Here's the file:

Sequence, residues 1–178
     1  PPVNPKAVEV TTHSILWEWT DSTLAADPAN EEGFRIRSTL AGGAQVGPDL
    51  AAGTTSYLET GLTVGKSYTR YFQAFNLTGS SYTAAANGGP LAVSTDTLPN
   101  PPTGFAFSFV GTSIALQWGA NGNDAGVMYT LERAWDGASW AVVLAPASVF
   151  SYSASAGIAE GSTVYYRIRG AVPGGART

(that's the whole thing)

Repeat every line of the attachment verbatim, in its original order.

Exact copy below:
Sequence, residues 1–178
     1  PPVNPKAVEV TTHSILWEWT DSTLAADPAN EEGFRIRSTL AGGAQVGPDL
    51  AAGTTSYLET GLTVGKSYTR YFQAFNLTGS SYTAAANGGP LAVSTDTLPN
   101  PPTGFAFSFV GTSIALQWGA NGNDAGVMYT LERAWDGASW AVVLAPASVF
   151  SYSASAGIAE GSTVYYRIRG AVPGGART